Electricity Bills in California Will Soon Be Based on Income. Here’s How It Could Work

Electricity Bills in California Will Soon Be Based on Income. Here's How It Could Work
Electricity Bills in California Will Soon Be Based on Income. Here's How It Could Work

Supporters say a progressive fixed rate will ease the burden for lower-income customers. Critics say it will deter interest in energy efficiency.

If you live in California, how much you pay for electricity will soon be tied to much you earn. A state law passed last summer requires the California Public Utilities Commission, or CPUC, to approve a pricing structure that incorporates a flat fee with a sliding scale based on income.

Currently, Californians pay for the energy they use and the cost of upgrading the grid, settling lawsuits related to wildfires and providing assistance to low-income customers is built into the per-kilowatt-hour price.

Under the new system, however, funds for these programs would come from “income-graduated fixed charges.”

Proponents say the change is needed because, as energy prices continue to increase in the state, poorer households are seeing a bigger chunk of their paychecks going toward repairing California’s aged energy infrastructure.

It’s an unprecedented move: In an April blog post, energy economist Ahmad Faruqui said more than 170 investor-owned utilities nationwide incorporate a fixed rate — the median being $10 and the highest $40.

None has an income-based component.

Legislators left exactly what this new system would look like — and how customers’ income would be verified — up to the CPUC, which put the call out for proposals.

The law affects customers of California’s three largest investor-owned utilities — Pacific Gas & Electric, Southern California Edison and San Diego Gas & Electric. Combined, they service approximately three-quarters of the state.

The utilities jointly proposed a plan that would “support affordability and increased bill stability,” according to their testimony to the CPUC.

It incorporates four income tiers, starting at the federal poverty level for a family of four. Because they’re different sizes and cover different regions, each company would charge their customers a different dollar amount.

Proposed fixed rate scale

Household income Fixed rate for Southern California Edison Fixed rate for Pacific Gas & Electric Fixed rate for San Diego Gas & Electric
$28,000 or less $15 $15 $24
$28,000 to $69,000 $24 $30 $34
$69,000 to $180,000 $51 $51 $73
$180,000 or more $85 $92 $128
Average customer $49 $53 $74

The retail price for electricity in California is among the highest in the nation. In March, the average per-kilowatt-hour rate was about 27 cents, almost double the national average.

With a fixed charge in place, SCE estimates its customers’ per-kilowatt-hour rate will decrease by about a third, KTLA reported.

SDG&E customers, who pay the highest price for electricity in the continental US, will reportedly see their rate drop by 42%.

“This is really about taking our existing rates and really changing how electricity is priced for customers,” SDG&E senior vice president Scott Crider told KPBS. “To make it simpler, to make it more predictable and to really create that saving for low-income customers.”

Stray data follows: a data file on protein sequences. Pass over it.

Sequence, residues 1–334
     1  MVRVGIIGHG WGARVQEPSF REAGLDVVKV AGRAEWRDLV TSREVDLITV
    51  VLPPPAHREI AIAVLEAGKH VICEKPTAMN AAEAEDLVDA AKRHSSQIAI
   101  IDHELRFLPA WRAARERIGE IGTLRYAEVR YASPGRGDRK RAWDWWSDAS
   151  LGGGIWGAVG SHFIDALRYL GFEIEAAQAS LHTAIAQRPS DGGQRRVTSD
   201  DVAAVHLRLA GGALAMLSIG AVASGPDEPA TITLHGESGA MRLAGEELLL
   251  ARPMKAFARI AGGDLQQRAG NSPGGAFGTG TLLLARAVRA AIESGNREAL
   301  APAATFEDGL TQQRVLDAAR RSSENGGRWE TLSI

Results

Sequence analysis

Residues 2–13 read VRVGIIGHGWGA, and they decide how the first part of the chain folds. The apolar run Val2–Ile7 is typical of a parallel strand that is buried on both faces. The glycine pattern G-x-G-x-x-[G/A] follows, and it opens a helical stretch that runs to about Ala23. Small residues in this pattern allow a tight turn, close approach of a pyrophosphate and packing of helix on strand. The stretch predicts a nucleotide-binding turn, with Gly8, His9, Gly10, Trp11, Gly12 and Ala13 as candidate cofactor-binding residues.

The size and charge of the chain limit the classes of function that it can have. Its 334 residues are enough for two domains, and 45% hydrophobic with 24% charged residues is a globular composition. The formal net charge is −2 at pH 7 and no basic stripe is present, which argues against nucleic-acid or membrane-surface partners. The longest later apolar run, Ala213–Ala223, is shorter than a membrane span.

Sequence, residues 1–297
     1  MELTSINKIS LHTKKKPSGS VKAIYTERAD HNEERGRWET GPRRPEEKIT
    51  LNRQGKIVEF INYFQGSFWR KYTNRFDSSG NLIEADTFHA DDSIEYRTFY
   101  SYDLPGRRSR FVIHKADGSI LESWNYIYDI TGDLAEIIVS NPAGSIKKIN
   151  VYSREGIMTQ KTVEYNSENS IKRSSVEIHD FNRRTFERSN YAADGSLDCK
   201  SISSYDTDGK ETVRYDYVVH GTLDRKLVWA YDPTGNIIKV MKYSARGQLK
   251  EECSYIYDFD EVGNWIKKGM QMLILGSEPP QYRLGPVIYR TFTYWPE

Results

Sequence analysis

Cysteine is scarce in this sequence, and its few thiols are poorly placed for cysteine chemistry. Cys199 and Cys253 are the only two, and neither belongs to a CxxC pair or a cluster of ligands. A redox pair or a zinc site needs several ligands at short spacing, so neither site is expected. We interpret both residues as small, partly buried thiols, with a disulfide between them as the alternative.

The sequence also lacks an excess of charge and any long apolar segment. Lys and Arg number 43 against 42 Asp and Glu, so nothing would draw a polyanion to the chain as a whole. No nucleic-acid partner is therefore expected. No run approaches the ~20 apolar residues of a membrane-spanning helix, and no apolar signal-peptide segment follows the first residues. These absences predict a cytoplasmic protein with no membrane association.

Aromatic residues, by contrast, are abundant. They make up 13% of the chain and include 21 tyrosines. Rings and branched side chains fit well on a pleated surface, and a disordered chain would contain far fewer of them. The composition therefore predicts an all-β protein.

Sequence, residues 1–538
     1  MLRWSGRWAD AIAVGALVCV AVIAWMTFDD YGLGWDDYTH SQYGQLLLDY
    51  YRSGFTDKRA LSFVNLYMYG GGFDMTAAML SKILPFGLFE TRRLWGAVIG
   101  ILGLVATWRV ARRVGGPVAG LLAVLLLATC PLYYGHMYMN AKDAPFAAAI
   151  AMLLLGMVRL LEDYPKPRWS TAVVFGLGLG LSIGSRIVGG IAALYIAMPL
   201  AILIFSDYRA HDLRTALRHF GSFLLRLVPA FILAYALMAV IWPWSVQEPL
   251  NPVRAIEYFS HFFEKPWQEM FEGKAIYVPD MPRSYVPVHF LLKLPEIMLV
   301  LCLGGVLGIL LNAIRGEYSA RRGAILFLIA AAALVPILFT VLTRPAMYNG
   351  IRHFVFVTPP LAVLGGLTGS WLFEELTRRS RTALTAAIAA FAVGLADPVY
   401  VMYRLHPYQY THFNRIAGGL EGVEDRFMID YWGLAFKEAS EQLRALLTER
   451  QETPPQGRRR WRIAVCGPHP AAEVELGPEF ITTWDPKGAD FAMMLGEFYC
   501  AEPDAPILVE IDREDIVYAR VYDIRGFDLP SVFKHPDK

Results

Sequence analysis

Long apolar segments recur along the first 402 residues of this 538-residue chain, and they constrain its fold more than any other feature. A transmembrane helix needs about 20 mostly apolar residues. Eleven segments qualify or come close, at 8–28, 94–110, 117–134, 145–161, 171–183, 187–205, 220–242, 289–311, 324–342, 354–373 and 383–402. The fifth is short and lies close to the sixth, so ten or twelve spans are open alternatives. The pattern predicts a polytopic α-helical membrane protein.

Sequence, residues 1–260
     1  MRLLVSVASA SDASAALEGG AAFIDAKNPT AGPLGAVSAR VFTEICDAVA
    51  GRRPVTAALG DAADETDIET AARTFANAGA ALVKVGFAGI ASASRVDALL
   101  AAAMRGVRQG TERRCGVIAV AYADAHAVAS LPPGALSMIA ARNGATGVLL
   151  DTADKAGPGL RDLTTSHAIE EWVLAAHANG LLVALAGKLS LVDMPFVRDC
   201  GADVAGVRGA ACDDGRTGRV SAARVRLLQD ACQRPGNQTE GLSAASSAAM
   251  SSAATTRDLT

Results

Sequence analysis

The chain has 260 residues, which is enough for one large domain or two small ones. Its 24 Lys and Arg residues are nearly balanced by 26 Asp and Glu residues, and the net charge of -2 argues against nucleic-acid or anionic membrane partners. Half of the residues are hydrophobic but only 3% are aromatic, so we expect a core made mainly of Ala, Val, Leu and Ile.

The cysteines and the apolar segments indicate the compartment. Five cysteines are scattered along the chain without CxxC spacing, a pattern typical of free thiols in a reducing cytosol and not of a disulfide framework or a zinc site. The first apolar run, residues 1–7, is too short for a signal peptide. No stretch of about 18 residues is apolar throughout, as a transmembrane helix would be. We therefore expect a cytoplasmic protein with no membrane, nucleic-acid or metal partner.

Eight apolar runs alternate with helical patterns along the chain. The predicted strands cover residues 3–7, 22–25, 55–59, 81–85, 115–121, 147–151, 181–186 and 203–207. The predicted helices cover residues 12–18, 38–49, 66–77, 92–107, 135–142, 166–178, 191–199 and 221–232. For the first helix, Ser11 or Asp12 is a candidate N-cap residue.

Lower- and middle-income customers will see savings right away, Crider said. Many high-earners will eventually benefit, he added, as the popularity of electric vehicles and heat pumps increases.

But Faruqui warned the plan would punish customers who use less electricity, especially higher earners.

“They would be penalized for using less energy, which is the opposite of the state’s goal to use energy efficiently,” he wrote. According to Faruqui’s calculations, a household in the highest bracket now paying $50 a month would see their bill soar 140%.

“Millions of customers fall in this category,” he added. “Many spent thousands, if not tens of thousands of dollars, to make their house energy efficient and to supply it with self-generated solar energy. Their investment will be rendered wasted.”

Andrew Gong is a research engineer with Aurora Solar, a software company that develops rooftop and commercial photovoltaic systems.

Gong said it would be “unfortunate” if the power companies’ costlier plan was chosen, “but we’re not worried.”

“It may take longer to pay back, but solar will still be a good value for most homeowners,” he added.

The commission is looking at almost a dozen proposals. The Utility Reform Network (TURN), a nonprofit advocacy group, pitched a more modest flat fee that would average out to about $36 a month for all customers.

The Sierra Club‘s proposal would come to, on average, $28 for PG&E customers, $37 for SCE customers and $30 for SDG&E customers. The environmental group has historically opposed flat fees.

“It discourages energy conservation and efficiency,” Sierra Club attorney Rose Monahan told Canary Media. “And if you have a high fixed charge, it can discourage people from investing in rooftop solar or a battery.”

Whatever system is chosen, it could be in place by 2025: According to a spokesperson for the CPUC, an administrative law judge should issue a decision on the proposals in the first quarter of 2024. The CPUC board then has until July to approve the plan or come up with its own.

What do you think?

Written by colinnew

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